Lisa Moir – Hydrogen Business Services Manager
I’ve been at ScottishPower for nearly 13 years, and in that time I think it’s fair to say we’ve seen vast changes in the energy sector – both in our own industry practises and in the public’s support for going greener.
My ScottishPower career started in 2010 as a Business Analyst. From there I moved into an IT role before becoming Non-Operational Site Lead in 2016, based at Longannet Power Station. Longannet was once Europe’s biggest coal-fired powerstation and I had responsibility for helping the site transition after it’s closure.
There was always a sense of importance and status surrounding Longannet and its role in national history as Scotland’s largest power station. However, the only feasible future is the adoption of green, renewable energy. Longannet’s demolition marked a significant step in the UK’s transition away from fossil fuel.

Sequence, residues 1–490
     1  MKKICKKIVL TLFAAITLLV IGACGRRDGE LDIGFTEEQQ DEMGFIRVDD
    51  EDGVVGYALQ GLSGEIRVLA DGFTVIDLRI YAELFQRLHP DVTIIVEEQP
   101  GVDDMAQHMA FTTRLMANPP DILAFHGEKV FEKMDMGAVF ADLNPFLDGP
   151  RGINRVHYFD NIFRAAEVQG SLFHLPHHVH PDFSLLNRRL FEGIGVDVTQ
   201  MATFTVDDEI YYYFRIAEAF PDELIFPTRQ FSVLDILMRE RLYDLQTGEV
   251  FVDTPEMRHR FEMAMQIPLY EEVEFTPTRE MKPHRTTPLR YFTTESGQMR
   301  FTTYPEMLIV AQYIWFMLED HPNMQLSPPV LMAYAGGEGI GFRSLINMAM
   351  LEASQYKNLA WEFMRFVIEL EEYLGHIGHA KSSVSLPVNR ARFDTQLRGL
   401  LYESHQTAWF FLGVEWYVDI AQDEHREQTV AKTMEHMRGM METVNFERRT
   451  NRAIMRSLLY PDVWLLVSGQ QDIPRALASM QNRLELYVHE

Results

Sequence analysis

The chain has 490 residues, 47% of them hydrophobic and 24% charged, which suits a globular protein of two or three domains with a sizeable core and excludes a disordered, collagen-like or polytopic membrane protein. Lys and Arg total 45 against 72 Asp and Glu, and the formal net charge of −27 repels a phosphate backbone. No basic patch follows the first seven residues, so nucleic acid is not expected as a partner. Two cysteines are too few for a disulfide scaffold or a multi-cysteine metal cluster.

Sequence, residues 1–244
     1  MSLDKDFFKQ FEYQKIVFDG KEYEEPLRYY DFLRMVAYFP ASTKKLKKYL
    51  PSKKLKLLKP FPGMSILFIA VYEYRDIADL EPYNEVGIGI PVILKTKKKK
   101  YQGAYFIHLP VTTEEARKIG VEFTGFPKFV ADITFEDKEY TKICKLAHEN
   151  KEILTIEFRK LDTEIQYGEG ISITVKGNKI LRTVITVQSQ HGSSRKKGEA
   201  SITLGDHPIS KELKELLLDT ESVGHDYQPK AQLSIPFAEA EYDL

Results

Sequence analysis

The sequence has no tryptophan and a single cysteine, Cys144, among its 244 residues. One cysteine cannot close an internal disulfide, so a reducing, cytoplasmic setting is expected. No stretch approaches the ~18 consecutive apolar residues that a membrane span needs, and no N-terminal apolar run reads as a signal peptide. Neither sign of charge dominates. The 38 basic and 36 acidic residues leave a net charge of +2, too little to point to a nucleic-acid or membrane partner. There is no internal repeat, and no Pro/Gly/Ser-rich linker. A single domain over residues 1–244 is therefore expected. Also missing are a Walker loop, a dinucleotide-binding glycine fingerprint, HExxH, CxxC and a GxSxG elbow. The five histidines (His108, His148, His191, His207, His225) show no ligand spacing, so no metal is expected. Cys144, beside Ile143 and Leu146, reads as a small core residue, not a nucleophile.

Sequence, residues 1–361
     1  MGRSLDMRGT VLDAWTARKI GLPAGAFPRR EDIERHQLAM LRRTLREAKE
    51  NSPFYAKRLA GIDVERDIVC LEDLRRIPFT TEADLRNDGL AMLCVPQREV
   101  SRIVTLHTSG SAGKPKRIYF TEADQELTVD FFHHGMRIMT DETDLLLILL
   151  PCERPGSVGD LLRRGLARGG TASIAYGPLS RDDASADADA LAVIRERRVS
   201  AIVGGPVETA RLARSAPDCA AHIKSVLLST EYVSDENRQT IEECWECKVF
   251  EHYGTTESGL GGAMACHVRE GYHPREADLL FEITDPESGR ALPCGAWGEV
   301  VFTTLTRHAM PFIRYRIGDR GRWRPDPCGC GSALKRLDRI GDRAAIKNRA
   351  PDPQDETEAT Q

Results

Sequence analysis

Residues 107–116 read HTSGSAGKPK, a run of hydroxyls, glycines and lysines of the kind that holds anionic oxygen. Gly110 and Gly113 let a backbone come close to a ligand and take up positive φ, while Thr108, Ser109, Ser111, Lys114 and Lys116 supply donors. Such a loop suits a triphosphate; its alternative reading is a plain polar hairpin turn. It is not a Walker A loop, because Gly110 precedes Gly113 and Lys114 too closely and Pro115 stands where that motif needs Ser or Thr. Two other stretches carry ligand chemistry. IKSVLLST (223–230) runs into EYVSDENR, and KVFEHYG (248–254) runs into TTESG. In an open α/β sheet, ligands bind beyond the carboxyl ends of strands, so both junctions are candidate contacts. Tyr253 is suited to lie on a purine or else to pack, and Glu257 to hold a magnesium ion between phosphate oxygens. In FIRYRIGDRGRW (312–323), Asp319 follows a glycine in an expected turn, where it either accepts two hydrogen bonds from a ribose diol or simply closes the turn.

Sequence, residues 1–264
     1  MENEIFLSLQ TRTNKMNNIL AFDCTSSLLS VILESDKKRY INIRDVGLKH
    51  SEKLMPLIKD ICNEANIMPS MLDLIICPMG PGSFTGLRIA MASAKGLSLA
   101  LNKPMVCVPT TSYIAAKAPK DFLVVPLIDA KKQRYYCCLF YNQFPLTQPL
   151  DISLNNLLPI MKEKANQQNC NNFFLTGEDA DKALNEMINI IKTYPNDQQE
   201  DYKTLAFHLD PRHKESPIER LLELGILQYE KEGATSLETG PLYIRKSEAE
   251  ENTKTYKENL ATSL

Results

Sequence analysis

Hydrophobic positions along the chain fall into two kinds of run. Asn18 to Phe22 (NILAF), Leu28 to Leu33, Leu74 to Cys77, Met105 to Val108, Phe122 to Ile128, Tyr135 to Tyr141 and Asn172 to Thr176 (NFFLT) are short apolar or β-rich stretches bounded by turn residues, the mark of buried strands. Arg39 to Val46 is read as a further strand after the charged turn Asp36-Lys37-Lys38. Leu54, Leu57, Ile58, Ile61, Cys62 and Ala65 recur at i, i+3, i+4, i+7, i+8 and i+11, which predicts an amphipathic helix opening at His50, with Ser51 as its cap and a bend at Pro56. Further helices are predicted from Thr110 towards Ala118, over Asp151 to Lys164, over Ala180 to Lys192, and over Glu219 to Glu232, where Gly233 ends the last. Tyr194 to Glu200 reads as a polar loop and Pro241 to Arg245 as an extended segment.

Since my career at ScottishPower began, I’m proud to say that we now only generate 100% green electricity through our wind and solar farms. With the significant renewables investments we’ve made, ScottishPower is also a major driver of growth in these sectors – which, in turn, will be transformative for Scotland over the next decade.
There’s a sense of pride that comes with working for an organisation that is actively creating and delivering new green jobs, as well as tangible benefits for local communities. Much of our work is focused on the decarbonisation of both industry and society to reduce the worst effects of climate change, and a key aspect of this is the work we’re doing to develop new technologies such as green hydrogen, smart solutions, and energy solutions.
I’m part of this journey in my new job in ScottishPower’s hydrogen team, where my role focuses on the development of innovative, alternative green fuels.
Our flagship project is Whitelee’s green hydrogen production, where we’re demonstrating how clean, zero-emission hydrogen can be produced and used at a commercial scale.
This programme is playing a key role in supporting Glasgow’s ambition to be the first city in the UK to achieve Net Zero by 2030 – with readily available green hydrogen capable of powering industries and fleets in and around the city serving as a crucial part of making that vision a reality.